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European Outline Sweeping Changes to Farm Policy
BRUSSELS (Reuters) - The European Commission on Wednesday unveiled radical proposals to reform its Common Agricultural Policy by severing the link between farm subsidies and output, amid fierce opposition from farming giant France.
The European Union's farm policy, which eats up almost half the EU budget at a cost of 40 billion euros ($39 billion) a year, is under mounting pressure as the 15-nation bloc prepares to admit up to 10 new members from eastern Europe and enter a new round of world trade talks.
EU Farm Commissioner Franz Fischler outlined to the European Parliament plans to shift income support away from producing surpluses and toward meeting tough environmental, animal welfare and food safety standards.
Less money will go on market subsidies and more on rural development under the proposals, which must be approved by a weighted majority of EU member states to take effect.
``It is not enough just to touch things up cosmetically. We need a complete facelift to give credibility to the CAP,'' Fischler told parliament, insisting on the need to break taboos to give a better deal to farmers, consumers and taxpayers.
France, which has vowed to oppose the reform, points to the United States' recent farm bill, which boosted spending on domestic subsidies and was widely criticized by trading partners as potentially destabilizing for world trade.
But Fischler declared: ``It would be fundamentally wrong to use the deplorable Farm Bill as a pretext for following the American lead in returning to stone-age, trade-distorting agricultural policies.''
FRENCH FEAR DECIMATION
French farmers, the biggest beneficiaries of the current CAP, say the changes would decimate their ranks. They insist the EU agreed in Berlin in 1999 to maintain the present CAP until at least 2006.
``In France, according to our calculation, the drop of three percent (in direct payments) would lead to the disappearance of 200,000 farmers within 10 years! Almost half of French farmers would have to shut up shop,'' FNSEA farmers' union leader Jean-Michel Lemetayer told the daily Liberation.
The most radical proposal was an end to production-related subsidies, a mainstay of the CAP, founded four decades ago to boost food output in an era when a six-nation European Economic Community was a net food importer.
``While guaranteeing farmers a stable income, the new system will free them from the straitjacket of having to gear their production toward subsidies'' and hence remove an incentive to create unmanageable surpluses, Fischler said.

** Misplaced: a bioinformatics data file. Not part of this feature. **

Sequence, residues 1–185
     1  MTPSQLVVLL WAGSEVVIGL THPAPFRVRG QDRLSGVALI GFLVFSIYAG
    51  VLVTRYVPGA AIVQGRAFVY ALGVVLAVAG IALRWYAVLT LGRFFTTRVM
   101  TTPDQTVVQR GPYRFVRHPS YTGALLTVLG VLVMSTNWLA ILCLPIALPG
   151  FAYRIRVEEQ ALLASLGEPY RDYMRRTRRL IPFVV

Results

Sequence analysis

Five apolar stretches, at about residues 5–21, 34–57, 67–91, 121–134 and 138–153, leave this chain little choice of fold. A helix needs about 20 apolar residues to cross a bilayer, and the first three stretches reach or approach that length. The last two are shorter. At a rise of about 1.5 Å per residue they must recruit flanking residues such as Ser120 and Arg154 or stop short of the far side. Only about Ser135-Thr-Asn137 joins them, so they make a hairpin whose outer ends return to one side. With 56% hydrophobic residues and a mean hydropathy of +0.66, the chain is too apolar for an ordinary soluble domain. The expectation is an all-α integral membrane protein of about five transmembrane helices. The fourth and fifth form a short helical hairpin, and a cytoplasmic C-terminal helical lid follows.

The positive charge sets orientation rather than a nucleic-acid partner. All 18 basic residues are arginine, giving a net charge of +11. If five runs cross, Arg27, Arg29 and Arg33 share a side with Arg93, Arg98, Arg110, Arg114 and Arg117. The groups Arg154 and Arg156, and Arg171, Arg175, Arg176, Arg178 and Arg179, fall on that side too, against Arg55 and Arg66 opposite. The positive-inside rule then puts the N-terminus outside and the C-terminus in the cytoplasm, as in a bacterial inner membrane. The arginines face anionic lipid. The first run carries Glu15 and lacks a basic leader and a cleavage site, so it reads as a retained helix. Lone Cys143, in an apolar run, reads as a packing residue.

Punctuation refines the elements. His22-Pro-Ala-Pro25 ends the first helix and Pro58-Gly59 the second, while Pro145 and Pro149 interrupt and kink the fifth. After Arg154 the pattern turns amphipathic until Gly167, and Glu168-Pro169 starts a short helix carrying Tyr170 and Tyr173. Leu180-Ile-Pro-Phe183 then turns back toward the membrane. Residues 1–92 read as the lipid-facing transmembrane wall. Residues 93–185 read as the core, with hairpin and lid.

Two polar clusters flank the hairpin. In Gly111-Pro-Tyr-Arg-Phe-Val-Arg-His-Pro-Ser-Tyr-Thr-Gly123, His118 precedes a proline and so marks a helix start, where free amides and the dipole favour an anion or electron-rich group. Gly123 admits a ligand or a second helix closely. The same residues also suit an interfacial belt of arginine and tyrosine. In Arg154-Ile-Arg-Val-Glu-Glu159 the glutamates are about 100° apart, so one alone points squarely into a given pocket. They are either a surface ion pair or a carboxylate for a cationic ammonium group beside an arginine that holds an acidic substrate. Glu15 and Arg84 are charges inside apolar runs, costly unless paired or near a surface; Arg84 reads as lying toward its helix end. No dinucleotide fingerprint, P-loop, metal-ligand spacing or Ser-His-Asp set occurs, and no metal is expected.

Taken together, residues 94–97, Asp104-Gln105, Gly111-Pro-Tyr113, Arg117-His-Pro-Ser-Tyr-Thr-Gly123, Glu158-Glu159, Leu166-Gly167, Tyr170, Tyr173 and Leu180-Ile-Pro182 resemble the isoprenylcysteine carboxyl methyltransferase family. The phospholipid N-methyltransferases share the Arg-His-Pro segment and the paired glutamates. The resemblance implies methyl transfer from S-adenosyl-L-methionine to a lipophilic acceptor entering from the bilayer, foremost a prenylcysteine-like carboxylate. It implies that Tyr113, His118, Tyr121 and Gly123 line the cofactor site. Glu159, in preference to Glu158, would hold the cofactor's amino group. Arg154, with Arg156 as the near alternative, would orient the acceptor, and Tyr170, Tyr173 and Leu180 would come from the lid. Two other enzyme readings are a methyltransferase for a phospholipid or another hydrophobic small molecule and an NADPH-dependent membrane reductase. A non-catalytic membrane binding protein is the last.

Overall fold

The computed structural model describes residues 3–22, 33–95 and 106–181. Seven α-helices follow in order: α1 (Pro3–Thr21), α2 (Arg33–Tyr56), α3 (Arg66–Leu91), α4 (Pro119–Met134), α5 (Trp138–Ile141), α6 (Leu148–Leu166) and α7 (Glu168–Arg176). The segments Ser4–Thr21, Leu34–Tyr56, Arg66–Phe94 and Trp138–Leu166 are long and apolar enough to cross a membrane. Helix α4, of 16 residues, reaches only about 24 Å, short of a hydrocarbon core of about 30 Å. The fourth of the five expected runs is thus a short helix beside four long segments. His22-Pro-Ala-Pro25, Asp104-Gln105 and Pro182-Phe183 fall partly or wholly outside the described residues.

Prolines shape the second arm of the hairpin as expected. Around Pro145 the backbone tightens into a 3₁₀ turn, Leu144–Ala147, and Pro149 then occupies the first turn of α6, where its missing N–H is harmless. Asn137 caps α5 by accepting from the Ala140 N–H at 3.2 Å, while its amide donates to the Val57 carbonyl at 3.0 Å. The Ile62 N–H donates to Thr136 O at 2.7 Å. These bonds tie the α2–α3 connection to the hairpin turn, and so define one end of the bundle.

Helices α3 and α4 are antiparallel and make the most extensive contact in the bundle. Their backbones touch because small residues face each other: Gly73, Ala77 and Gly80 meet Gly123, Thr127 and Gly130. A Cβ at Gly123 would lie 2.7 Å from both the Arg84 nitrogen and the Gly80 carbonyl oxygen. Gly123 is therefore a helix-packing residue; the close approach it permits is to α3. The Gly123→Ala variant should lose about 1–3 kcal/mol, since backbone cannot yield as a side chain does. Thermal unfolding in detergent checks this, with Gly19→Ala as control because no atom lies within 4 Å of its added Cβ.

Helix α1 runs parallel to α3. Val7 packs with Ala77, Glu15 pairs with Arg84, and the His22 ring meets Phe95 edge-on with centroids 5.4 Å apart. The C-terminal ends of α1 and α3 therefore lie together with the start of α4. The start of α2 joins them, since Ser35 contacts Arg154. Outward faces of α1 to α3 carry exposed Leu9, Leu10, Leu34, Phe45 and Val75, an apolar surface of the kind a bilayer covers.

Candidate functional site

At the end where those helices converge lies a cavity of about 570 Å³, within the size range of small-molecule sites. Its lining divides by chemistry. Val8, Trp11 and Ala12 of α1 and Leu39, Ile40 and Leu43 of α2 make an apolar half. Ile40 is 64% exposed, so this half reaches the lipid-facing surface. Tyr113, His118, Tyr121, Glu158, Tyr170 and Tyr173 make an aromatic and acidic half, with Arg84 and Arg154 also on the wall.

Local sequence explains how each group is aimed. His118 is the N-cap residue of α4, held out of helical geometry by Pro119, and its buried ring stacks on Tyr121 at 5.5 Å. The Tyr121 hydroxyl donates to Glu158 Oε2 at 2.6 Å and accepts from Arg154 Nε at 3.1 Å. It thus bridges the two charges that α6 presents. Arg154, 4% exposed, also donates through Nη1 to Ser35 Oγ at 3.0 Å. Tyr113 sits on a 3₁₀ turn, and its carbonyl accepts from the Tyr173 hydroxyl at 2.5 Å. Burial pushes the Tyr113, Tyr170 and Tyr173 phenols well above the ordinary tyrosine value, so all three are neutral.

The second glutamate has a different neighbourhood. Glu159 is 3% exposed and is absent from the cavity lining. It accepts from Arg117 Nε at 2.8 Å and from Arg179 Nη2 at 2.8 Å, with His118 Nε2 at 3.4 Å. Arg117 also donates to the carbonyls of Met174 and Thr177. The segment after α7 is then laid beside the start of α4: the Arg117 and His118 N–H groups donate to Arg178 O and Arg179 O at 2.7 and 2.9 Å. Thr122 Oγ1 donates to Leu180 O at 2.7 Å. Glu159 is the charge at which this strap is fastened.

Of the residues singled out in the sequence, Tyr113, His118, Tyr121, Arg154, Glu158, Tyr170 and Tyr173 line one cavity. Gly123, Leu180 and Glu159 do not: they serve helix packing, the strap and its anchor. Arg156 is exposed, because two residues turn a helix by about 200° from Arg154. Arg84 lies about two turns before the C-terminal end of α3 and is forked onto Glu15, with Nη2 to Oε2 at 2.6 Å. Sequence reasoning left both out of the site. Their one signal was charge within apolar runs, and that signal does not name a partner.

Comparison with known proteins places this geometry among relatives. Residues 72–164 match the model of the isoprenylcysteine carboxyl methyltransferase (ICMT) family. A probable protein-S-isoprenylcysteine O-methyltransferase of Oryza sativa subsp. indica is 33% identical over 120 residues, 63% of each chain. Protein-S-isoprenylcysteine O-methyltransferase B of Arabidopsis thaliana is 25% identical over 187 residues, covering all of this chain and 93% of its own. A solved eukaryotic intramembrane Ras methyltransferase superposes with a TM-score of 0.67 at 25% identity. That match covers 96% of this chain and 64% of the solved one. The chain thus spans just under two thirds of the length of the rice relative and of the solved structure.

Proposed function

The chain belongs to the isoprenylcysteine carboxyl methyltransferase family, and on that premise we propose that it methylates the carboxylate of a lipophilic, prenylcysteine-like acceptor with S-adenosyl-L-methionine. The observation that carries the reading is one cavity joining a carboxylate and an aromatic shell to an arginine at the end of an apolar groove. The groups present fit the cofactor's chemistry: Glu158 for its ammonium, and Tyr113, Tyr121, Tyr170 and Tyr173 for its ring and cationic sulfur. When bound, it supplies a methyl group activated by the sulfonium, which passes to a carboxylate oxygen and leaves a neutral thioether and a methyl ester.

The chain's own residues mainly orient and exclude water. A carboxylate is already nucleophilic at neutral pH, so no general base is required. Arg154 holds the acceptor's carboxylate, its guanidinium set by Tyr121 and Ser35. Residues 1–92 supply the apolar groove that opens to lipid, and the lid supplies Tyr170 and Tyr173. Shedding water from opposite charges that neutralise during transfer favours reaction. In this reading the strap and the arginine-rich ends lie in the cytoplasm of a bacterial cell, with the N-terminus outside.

Farmers would get a single payment from Brussels based on money received in the past -- regardless of whether they continue production on the same scale.
Fischler believes this will streamline the CAP, making it easier to extend to millions of farmers in an enlarged EU and giving the bloc the moral high ground in trade negotiations.
Direct aid to farmers would be trimmed by three percent a year over seven years and the savings spent on rural development. Aid to larger farms would be capped at 300,000 euros a year.
Guaranteed cereals prices would be cut by five percent, reducing the amount the EU pays in export subsidies that bridge the gap between high internal prices and a lower world market.
About 250 farmers demonstrated against the reform near the Commission's headquarters Wednesday, banging drums and blocking traffic. One banner depicted Fischler as a feckless Roman emperor, dubbing him ``the Nero of European agriculture.''
Fischler has support from countries such as Britain, which have been pushing for a shake-up of farm policy for years, and Germany, the EU's main paymaster which wants to lower the cost.
In a debate on his speech, the Socialist, Liberal and Greens spokesmen in the European Parliament broadly backed his approach but conservatives objected, notably to the upper limit on farm payments.
France, the historic defender of the CAP, will lead the resistance in the EU Council of Ministers and may find support from several other mainly southern European states.
Fischler shrugged off the opposition, telling reporters: ``I don't see this proposal being stopped. We are now starting a negotiating process.''
Last week, new French Prime Minister Jean-Pierre Raffarin signaled his government's determination to protect the CAP from the Commission proposals and world trade negotiations.
In an attempt to sway France, EU Trade Commissioner Pascal Lamy, a French socialist, endorsed the plan in an interview with Le Monde as essential for European agriculture to survive and avoid the same fate as the moribund coal industry.
``The French cannot be on the defensive all the time,'' he said.
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